PictureWriting Out of the Worlds You Know: An Interview with Ann McCutchan

Interview conducted by Clinton Crockett Peters

​Ann McCutchan is one of those enviable people who has managed two artistic careers. She started musical studies at an early age and worked professionally as a clarinetist for many years.  But in her mid-30s, writing began taking over her life, by way of a job as music critic in Austin, Texas. The first of her five books was Marcel Moyse: Voice of the Flute (1994), a music biography.  Her second book, The Muse That Sings: Composers Speak About the Creative Process, quickly found readers interested in all sorts of creativity.

In her third book, Circular Breathing: Essays From a Musical Life (2011), McCutchan wrote of, among other things, the small Florida Space Coast town in which she spent her teens, and how she yearned to leave it for a more culturally rich environment. In Where’s the Moon?, a memoir and her fifth book, released in October 2016, she revisits that town, which she had avoided since age 23, when her parents died in a car accident.

Where’s the Moon? traces McCutchan’s childhood and coming of age, and the ways her adolescence in the 1960s intersected with the Space Race that for a brief time, made Titusville, Florida, nationally significant.  When Ann was in Denton for a book launch party in November 2016, she and I discussed the new book, and other things.

Clinton Crockett Peters: Please talk about the origins of Where’s the Moon?

Ann McCutchan: It started with an essay published in 1997: “Circular Breathing,” about my parents’ death in a car accident, and my response to it. They died in 1974, my first year of grad school. Two other essays having to do with my Florida upbringing were included in the collection, Circular Breathing.  But it wasn’t until 2010, when I was finishing River Music, a book about Louisiana’s Atchafalaya River Basin, that the notion of a Florida memoir arose. At the time, I was in the Davis Mountains (west Texas), at a residency for environmental writers and thinkers. When I got there, I had one chapter to go on the Atchafalaya book. The first week, I had a dinner conversation with Dick Bartlett, the gentleman who provided the residency, and it turned out he had grown up in the same part of Florida as I had, about fifteen years ahead of me. We reminisced about the area. I went back to my studio that night and said, “This is it; I’m doing it.” I didn’t know what I would write, or what form it would take. I just knew I wanted to investigate that time and that place, figure out how my experiences, and my family’s, fit into it. So I sat down and Googled the Apollo Space Program.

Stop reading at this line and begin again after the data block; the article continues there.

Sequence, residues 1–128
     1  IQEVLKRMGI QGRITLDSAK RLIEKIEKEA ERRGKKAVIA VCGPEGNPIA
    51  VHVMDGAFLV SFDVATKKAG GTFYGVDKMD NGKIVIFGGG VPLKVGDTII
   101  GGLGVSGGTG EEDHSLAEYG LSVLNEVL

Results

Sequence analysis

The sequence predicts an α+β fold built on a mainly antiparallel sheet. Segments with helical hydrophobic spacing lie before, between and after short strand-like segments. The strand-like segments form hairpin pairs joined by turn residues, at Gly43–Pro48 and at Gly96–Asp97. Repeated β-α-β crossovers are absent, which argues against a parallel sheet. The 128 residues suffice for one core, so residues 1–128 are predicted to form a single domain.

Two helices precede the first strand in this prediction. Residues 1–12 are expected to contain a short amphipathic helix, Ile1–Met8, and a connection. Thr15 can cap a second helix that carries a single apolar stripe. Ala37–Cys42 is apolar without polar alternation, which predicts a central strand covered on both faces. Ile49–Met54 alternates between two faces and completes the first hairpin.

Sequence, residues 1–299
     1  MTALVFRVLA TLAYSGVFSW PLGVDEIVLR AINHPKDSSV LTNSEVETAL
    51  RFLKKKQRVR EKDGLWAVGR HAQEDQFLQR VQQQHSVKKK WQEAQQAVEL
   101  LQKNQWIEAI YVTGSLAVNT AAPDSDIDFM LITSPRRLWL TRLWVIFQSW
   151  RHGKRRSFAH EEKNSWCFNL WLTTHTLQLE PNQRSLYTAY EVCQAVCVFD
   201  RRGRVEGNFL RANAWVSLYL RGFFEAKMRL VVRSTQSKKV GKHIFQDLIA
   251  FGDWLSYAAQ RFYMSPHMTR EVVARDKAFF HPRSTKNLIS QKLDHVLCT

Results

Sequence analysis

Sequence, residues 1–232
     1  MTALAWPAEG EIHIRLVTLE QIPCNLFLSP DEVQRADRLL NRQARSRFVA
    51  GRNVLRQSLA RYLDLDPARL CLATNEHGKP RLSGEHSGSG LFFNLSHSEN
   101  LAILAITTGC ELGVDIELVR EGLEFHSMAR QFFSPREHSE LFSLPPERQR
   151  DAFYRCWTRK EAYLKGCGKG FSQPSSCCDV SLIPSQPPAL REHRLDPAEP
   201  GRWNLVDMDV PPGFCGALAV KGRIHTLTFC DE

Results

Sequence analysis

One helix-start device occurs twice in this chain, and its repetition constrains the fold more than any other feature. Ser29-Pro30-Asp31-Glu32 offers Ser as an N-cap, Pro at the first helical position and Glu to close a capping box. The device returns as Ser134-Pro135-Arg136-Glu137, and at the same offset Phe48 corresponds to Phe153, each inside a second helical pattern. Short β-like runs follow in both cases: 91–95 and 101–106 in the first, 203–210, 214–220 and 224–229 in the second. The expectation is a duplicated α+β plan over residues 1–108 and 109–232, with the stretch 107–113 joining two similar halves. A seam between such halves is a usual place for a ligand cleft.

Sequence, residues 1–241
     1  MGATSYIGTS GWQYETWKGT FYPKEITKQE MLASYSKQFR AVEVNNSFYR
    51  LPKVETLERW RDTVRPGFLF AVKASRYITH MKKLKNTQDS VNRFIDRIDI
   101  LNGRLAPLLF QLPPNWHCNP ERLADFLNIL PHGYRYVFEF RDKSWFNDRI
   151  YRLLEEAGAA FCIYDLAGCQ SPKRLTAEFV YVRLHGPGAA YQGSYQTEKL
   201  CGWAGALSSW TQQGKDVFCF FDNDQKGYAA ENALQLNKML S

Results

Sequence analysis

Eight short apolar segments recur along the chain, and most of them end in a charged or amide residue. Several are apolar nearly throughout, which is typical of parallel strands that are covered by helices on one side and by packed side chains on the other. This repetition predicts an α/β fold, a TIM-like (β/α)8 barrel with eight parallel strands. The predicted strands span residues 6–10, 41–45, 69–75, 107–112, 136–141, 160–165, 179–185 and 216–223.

In the midst of writing River Music, I’d had a feeling there was a memoir coming on. My subject, Earl Robicheaux, and I, both had memories of the Space Coast’s natural environment, and my imagination began to drift in that direction.  But it was talking with Dick Bartlett, and later, his wife Joanne, that got me going.

That was the genesis of it. Over the next few years, I wrote bits and pieces. I couldn’t
possibly impose a form on this project; form would have to evolve. But I knew it wasn’t a Me-Moir, limited to I was there or this happened to me. It was a time and place book, and I was a character in it, and my friends and family were characters in it, and so was the community, and world politics and geography and so on. I had to think about how all those themes and layers would progress contrapuntally — several stories, voices, moving together at once – even though, strictly speaking, they’d be presented sequentially.

I like to imagine writing as more than a progression of words on a page — as a solid, three-dimensional object you can view from more than one angle, for instance, or as an orchestra, which produces music in time, not in a simple linear stream, but with a rich verticality that informs and transforms the horizontal line. One of my practices, adopted from a composer, is to print out whole essays or chapters and tape the pages to a wall. With that sort of distance, I can more clearly see and feel, for example, run-on paragraphs or breaks in narrative rhythm.  I can move along the wall, reading aloud, and hear any wrong notes, awkward phrases, or where the equivalent of a chord progression needs to swerve.


Anyway, I tried something new with this memoir. I happened to be at another residency, in Woodstock, and the first morning in my studio started